Take a New Look at Your Old Customers – and Their Current Creditworthiness - Receivables
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Take a New Look at Your Old Customers – and Their Current Creditworthiness

By Bill Newton

Article Date: 10-01-2009
Copyright(C) 2009 Associated Equipment Distributors. All Rights Reserved.


Start with annual, independent credit reports on your largest aftermarket accounts – and those that are currently delinquent.

Everything changes over time.
We all pay attention to the changes in our personal lives but for some reason, in business we often take changes for granted, especially with our customers – and we virtually ignore change. Think about it. Is your company the same as it was five years ago? And what about your customers’ companies? Not paying attention to their changes can cost you big time. And in today’s economy it could be disastrous.

Construction is slow. Companies are laying off employees in order to keep their heads above water. Your new equipment sales have decreased dramatically, but you may see an increase in parts and service. Customers are holding on to older equipment for want of projects, cash and financing for big ticket items.

You can’t change that situation but you can protect yourself, stabilize your parts and service receivables and get a good feel for your customer base by updating their information.

Companies you have been dealing with for years may not be the same as they were five years ago when you established their credit lines. Some have grown but many may not be as stable or creditworthy as they were.

So protect yourself and update their credit information to get a financial snapshot of what your customers look like today. Doing this will not only help you minimize losses, but also could give you information that would allow you to fill customers’ current aftermarket needs and increase your parts and service revenue.

First, don’t even look at that five-year-old credit application, and to be honest, I would not ask for a new one either. In my opinion, the only valid information on a credit application are the basics and the personal guarantee if you have one. I have seen credit applications with good references and even some with fraudulent information, but I have never seen one on which the customer listed credit references with whom they knew they had a bad payment history.

Instead, my recommendation is that you establish a standard operational procedure and have your credit department use independent services to develop financial information on your customers. There are a number of good economic information services available that can provide you with up-to-date information on your clients that you can use to evaluate current credit lines.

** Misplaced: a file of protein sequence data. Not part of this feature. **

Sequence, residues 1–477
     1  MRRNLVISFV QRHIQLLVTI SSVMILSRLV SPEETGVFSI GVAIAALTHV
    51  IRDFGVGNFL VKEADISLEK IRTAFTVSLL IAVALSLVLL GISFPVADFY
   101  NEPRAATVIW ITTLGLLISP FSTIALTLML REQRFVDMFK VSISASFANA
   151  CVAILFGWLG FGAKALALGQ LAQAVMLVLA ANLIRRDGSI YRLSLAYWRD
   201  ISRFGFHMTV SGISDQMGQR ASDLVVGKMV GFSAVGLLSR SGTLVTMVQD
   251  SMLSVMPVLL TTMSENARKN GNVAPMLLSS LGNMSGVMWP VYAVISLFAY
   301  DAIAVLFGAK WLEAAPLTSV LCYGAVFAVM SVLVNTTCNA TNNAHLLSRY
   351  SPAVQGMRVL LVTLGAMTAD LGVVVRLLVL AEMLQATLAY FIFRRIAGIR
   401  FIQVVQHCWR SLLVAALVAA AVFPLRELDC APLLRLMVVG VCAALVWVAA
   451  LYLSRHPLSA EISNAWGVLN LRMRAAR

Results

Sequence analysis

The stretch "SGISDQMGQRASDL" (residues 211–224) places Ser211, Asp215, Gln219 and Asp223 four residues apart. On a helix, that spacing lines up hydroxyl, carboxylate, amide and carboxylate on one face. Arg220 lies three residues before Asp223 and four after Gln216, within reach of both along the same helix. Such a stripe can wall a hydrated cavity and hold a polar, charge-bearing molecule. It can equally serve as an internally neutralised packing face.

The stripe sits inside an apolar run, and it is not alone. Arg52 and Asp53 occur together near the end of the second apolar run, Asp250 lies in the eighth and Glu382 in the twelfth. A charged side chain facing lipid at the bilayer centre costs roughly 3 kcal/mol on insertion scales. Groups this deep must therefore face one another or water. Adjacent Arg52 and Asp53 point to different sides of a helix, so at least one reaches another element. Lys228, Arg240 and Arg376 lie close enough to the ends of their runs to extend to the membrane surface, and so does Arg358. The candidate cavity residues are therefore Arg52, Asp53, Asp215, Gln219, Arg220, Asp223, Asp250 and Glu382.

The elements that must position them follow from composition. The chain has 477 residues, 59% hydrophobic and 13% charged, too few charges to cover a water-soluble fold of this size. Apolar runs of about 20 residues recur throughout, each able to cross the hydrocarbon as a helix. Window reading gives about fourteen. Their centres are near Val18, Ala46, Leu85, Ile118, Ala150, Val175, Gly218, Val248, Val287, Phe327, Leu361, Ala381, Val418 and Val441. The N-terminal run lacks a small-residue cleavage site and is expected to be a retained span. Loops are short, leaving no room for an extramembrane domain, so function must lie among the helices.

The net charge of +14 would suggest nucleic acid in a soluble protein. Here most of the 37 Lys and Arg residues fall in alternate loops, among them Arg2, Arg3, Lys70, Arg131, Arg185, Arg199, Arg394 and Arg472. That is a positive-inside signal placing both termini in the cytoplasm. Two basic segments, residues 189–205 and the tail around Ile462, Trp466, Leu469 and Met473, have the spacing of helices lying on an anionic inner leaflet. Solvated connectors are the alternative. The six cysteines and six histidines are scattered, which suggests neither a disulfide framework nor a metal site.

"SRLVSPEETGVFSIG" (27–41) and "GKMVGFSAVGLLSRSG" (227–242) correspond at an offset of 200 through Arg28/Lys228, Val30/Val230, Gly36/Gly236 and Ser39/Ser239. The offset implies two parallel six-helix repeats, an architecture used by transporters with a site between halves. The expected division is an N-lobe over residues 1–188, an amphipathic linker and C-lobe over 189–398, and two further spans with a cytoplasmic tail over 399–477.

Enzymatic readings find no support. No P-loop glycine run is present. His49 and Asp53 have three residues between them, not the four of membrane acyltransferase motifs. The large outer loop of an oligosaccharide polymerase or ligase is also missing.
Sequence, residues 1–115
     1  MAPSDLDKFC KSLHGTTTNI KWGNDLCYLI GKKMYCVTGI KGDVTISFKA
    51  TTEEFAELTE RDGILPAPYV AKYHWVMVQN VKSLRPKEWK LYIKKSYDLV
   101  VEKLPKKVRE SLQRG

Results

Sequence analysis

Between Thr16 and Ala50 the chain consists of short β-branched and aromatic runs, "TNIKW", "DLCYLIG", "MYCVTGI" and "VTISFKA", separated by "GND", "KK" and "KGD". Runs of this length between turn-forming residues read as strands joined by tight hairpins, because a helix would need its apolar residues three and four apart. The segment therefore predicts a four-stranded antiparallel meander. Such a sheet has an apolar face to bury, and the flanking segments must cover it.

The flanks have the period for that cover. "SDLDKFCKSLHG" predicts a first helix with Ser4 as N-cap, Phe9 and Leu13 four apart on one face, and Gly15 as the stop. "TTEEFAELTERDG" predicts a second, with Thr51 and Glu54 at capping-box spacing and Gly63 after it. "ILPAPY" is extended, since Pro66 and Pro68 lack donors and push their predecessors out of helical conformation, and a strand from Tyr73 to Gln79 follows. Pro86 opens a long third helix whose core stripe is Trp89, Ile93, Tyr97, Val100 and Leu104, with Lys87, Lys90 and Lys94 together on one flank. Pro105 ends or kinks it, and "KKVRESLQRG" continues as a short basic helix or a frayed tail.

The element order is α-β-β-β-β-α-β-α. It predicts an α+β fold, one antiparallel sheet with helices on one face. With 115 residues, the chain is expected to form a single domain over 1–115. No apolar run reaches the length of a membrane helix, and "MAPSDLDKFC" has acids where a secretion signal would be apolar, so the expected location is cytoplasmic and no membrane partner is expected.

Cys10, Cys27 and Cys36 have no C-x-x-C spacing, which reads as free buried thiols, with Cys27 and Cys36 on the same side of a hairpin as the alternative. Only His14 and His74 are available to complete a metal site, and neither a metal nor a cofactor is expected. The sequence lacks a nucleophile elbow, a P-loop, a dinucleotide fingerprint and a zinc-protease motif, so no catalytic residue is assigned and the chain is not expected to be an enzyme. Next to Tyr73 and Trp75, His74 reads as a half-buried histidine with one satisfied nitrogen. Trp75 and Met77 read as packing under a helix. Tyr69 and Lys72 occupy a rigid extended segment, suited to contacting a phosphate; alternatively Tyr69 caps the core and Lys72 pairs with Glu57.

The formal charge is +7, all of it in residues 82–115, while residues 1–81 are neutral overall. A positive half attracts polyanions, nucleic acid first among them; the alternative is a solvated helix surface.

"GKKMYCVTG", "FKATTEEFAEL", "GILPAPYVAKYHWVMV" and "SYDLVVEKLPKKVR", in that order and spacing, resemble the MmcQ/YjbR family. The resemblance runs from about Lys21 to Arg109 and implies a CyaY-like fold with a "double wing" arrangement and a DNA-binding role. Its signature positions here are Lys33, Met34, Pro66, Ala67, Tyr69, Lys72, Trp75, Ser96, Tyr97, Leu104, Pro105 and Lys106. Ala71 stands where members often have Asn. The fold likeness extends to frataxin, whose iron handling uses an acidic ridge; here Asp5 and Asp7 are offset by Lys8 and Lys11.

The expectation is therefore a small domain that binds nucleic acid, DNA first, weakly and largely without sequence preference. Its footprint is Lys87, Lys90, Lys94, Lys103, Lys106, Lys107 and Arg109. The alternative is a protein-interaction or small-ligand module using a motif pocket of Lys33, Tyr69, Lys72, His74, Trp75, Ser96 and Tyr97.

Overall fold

Equifax (www.equifax.com) offers good, current credit information on businesses and also has a credit scoring system available to rate a company’s creditworthiness. Accurint (www.accurintbusiness.com) and Lexis Nexis (www.risk.lexisnexis.com) will give you risk and information analytics, corporate information to include officers, other locations, UCC-1 filings, bankruptcy information, pending litigation, tax liens, vehicles and equipment registration, and a lot of other useful information.

Your people don’t have the time and it is not necessary to order and evaluate these reports on all of your clients. But, where reports should be updated are on larger customers and high balance delinquent customers.

If they’re paying your dealership for parts and service on credit, you need to know their current creditworthiness – before they rack up thousands of dollars in invoices they can’t pay.

A new look at an old customer will allow you to adjust their line of credit to fit their financial situation today. By the way, don’t think you are protected because you had one of the principals sign a personal guarantee. The guarantee is only as good as the guarantor. I have seen some guarantors who couldn’t get water on credit if they were on fire. I highly recommend you spend the money (less than $10 per report) and get an updated credit bureau report annually on all guarantors on larger accounts. If the guarantor is going bad, odds are his or her company is too.

Information is the key to success and stability.
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Article Categories:  Financial  »  Taxes